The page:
Boom in NZ podcasts – In the News

Lately it seems everyone is making podcasts, and New Zealand has been right on board with the trend with a burgeoning number of homegrown podcasts, many of which feature science journalism.

RNZ science producer Alison Ballance has long been reporting on kākāpō, including her book Kākāpō: Rescued from the Brink of Extinction. This year she has taken this a step further with a weekly podcast the Kākāpō Files, which has been following the latest breeding season in the flightless parrots. That’s meant covering the highs – such as the 75 living chicks and the season becoming the longest on record – and the tragic, including a spate of fungal infections and the death of several adults.

Meanwhile, in Elemental Ballance and AUT’s Professor Allan Blackman take a journey through the periodic table of elements to commemorate the International Year of the Periodic Table, marking 150 years since the first table was published by Dmitri Mendeleev. Working in alphabetical order, each episode delves into one element to talk about its chemistry and history.

Professor Blackman is also involved in a weekly science slot on 96bFM, Dear Science, along with AUT’s Marcus Jones, which is also available as a podcast.

The Detail launched at the end of April as a weekday morning show funded by the RNZ/NZ On Air Innovation Fund and hosted by Sharon Brettkelly and Alex Ashton. Each weekday morning the team does a deep dive into a particular issue, which so far has featured Newroom science editor Eloise Gibson talking about the Zero Carbon Bill, and Newsroom journalist Farah Hancock on vaccination.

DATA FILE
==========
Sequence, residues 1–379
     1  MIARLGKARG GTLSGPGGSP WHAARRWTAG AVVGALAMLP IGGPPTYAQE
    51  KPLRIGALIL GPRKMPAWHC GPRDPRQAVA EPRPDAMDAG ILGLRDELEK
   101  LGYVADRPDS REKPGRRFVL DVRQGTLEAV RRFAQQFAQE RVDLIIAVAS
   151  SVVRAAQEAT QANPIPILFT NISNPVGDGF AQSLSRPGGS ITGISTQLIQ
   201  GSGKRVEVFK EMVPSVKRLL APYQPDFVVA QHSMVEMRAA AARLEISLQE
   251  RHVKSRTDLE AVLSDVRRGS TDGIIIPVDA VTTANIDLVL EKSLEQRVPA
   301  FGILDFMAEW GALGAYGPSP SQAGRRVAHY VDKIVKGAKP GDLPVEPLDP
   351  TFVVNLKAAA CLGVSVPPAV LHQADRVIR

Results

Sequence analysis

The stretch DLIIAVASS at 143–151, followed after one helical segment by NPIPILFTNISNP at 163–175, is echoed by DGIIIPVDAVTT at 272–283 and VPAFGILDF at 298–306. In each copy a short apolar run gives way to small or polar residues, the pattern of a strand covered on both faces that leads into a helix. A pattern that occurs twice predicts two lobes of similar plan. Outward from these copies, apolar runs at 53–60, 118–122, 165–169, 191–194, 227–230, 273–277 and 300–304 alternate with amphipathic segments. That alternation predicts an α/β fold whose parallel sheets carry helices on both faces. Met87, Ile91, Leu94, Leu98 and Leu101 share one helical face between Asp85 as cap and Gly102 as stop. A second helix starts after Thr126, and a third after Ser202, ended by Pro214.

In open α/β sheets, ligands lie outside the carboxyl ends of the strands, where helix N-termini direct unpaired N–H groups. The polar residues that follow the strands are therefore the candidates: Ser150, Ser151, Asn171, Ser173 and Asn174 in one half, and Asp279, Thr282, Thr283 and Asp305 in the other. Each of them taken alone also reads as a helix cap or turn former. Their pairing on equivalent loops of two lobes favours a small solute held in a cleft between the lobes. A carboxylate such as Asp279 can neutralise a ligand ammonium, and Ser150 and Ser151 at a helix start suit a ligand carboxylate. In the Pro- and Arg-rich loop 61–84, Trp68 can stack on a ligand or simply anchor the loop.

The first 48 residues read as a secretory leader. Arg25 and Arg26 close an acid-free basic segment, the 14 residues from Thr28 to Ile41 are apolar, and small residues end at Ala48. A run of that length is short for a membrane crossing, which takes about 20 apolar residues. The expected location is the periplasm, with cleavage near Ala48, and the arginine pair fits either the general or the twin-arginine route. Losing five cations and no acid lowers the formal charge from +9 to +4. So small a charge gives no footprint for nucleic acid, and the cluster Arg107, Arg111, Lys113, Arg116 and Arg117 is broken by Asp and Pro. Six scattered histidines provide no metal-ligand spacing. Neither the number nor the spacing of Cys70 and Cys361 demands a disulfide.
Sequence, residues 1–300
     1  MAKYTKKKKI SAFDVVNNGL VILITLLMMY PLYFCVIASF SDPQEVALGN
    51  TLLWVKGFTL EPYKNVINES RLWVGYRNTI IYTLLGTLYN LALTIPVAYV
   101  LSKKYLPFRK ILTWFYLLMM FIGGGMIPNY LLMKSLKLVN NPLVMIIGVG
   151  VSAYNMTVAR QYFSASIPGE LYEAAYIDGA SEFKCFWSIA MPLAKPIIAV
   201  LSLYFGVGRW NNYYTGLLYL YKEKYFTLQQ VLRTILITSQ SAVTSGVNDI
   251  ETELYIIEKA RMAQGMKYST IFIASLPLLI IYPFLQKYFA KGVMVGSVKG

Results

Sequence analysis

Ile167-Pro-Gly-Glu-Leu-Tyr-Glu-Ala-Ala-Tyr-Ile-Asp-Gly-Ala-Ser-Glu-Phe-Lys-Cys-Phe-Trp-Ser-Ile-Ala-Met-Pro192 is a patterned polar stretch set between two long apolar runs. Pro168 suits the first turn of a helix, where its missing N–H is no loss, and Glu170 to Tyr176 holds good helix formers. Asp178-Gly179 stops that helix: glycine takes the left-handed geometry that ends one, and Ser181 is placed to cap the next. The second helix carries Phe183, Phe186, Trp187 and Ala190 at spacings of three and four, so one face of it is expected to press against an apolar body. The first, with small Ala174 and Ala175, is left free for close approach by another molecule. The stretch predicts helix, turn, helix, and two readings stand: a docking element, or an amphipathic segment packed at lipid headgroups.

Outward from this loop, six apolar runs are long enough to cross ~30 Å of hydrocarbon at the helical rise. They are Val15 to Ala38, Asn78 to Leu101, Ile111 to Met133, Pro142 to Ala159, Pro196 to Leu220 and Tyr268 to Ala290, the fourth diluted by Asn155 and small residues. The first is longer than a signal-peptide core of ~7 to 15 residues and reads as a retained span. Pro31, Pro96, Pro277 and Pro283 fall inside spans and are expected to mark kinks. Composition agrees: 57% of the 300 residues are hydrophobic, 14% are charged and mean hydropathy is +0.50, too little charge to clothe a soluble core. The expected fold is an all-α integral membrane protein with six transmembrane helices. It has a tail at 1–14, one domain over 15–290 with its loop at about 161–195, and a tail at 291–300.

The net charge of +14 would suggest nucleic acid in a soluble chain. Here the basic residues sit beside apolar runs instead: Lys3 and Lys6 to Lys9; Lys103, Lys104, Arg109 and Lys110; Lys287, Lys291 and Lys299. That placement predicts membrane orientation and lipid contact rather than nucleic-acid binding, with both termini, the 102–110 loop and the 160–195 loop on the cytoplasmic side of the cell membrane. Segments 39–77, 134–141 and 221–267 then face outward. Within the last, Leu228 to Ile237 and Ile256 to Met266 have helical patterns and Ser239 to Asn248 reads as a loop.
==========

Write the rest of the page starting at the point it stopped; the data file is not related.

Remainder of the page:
Also funded by the RNZ/NZ On Air Innovation Fund – a one-off fund provided in Budget 2018 – is Michelle Dickinson’s Nanogirl’s Great Science Adventures. Each episode aims to answer children’s questions, including why do stars twinkle, are all bacteria bad, and can we bring dinosaurs back to life – and an experiment for kids to try.

NZME’s The Front Page podcast, which started as a daily wrap up has now shifted to a weekly, 30-minute long show focused on telling the ‘behind the scenes’ stories of the newsroom’s stories. Last week’s episode focused on environmental issues and “eco anxiety”, interviewing NZ Herald science reporter Jamie Morton and general reporter Michael Nielsen, who has been working on stories about the Hauraki Gulf. Episodes are released on podcast apps one week after being published on the Herald Premium.

University of Canterbury Associate Professor Christoph Bartneck has also launched a podcast series exploring how humans and robots interact with each other, while Plant & Food Research has its own show, scigest, presenting stories about the institute’s research.